There's no denying the World Series of Poker, which is in its 44th year, has a rich history. Unfortunately that history is often overlooked in favor of both the young up-and-coming players and those made popular after the poker boom of 2003.
To help balance things out, we're decided to offer a brief glimpse on some of the "veterans" in today's field, those who have made their own special contribution to the game we all love.
Don Zewin: Back in the 1989 WSOP $10,000 Main Event, Phil Hellmuth stopped the legendary Johnny Chan from capturing his third Main Event title in a row, thus launching his own record-setting career. It was one of the most iconic moments in poker history, but somewhere along the way, Don Zewin, who finished in third place, was forgotten.
Over the next two decades, Zewin continued to grind cash games in Las Vegas while adding to his tournament résumé. In that time, Zewin amassed $1,171,019 in career tournament earnings, which include 19 WSOP cashes totaling $532,047. One of those cashes happened last summer when Zewin made his name known to modern poker fans as he made a deep run in Event #18: $2,500 Razz where he once again squared off against Hellmuth. Unfortunately for Zewin, he was once again denied a bracelet by the "Poker Brat" when he finished runner-up for $113,024.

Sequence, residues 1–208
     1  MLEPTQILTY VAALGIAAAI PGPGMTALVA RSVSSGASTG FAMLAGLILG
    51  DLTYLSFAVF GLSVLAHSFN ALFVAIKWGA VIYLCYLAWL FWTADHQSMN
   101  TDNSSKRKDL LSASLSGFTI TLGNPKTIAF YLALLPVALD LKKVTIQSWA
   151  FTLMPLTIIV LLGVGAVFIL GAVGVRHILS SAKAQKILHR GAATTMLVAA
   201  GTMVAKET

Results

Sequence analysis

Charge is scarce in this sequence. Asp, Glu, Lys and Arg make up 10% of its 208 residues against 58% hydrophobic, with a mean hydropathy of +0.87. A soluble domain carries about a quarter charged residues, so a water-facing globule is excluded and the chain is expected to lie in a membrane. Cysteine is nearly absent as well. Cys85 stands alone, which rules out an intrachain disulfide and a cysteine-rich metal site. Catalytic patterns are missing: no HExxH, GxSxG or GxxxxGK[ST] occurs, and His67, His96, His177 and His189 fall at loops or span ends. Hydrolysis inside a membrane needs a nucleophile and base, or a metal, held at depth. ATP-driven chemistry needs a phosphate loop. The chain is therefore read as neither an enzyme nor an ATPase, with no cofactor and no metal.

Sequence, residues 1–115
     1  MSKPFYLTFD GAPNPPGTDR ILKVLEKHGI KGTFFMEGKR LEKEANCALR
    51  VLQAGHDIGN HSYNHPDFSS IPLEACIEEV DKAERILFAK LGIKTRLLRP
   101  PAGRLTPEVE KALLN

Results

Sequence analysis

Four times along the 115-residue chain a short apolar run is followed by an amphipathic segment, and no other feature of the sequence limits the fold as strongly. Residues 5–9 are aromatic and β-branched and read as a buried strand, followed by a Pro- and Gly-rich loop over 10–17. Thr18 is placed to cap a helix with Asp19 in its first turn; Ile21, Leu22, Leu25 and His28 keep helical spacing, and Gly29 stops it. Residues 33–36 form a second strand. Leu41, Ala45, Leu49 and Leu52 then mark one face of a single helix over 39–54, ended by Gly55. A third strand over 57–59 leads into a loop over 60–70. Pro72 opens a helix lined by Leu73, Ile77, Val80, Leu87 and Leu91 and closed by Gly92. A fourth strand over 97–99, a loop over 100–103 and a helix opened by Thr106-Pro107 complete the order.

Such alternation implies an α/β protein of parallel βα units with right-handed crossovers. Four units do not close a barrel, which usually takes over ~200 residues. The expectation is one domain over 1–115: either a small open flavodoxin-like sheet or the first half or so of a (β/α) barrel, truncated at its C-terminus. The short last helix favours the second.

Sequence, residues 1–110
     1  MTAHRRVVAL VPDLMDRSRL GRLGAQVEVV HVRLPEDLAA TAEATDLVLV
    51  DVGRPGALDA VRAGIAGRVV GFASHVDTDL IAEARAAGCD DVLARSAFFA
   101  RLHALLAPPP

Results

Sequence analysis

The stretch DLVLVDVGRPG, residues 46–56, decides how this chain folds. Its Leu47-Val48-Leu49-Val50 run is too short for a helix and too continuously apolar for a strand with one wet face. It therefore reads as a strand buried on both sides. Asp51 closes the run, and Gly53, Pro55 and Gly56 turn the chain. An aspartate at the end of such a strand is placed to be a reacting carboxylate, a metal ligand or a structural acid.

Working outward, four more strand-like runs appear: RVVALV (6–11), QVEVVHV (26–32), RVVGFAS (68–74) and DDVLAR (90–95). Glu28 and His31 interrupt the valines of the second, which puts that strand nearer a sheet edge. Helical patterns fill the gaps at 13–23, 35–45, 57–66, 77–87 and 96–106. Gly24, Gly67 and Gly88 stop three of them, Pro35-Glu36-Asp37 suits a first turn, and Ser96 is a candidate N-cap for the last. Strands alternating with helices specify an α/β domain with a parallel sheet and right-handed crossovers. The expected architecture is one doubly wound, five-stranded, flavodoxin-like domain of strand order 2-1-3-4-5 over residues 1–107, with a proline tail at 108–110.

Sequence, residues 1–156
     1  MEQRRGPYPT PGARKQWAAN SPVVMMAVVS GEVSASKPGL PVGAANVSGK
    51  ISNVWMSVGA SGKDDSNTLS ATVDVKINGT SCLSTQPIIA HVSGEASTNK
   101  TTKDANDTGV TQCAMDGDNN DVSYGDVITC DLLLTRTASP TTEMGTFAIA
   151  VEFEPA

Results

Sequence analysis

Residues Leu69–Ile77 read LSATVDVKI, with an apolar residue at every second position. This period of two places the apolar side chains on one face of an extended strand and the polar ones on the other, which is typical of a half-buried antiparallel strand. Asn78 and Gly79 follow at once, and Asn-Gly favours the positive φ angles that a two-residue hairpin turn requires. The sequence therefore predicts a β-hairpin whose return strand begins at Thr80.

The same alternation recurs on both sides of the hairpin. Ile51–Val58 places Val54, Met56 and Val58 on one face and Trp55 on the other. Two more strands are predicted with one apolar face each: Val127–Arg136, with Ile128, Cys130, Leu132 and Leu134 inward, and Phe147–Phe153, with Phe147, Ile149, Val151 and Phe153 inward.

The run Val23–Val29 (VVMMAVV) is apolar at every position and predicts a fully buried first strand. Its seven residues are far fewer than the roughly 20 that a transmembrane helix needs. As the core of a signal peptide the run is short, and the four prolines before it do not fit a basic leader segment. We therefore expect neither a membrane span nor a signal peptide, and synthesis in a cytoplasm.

For more on Zewin, check out the Where Are They Now? interview he did with PokerNews last year.
Jason Lester: Jason Lester has been around the poker scene for nearly three decades. His first WSOP cash came back in 1990 when he finished fourth in Event #10 $5,000 Limit Seven Card Stud for $29,400. Since then he has amassed 25 cashes totaling $1,865,157. That also included a bracelet win in the 2006 WSOP Event #18 $5,000 Pot-Limit Hold’em for $550,764.
While he won a bracelet, Lester may best be known by poker fans as the fourth-place finisher at the 2003 World Series of Poker Main Event final table.
This marks the tenth anniversary of that legendary final table, and it’s good to see Lester hasn’t lost his passion for the game.
James Van Alstyne: James Van Alstyne is a H.O.R.S.E. master. Back in 2010, Van Alstyne took 14th in the $1,500 H.O.R.S.E. event for $10,282, which was pretty impressive considering he was the defending champ. That’s right, Van Alstyne won that tournament back in 2009 for $247,033 and his first WSOP bracelet.
What’s even more amazing, less than a week before that win he finished runner-up to Zach Fellows in Event #21 $3,000 H.O.R.S.E. for $192,866. Half of Van Alstyne's $736,357 WSOP earnings have come in H.O.R.S.E., and while today's event isn't in that format, you can rest assured that Van Alstyne can contend in any non-hold'em variation.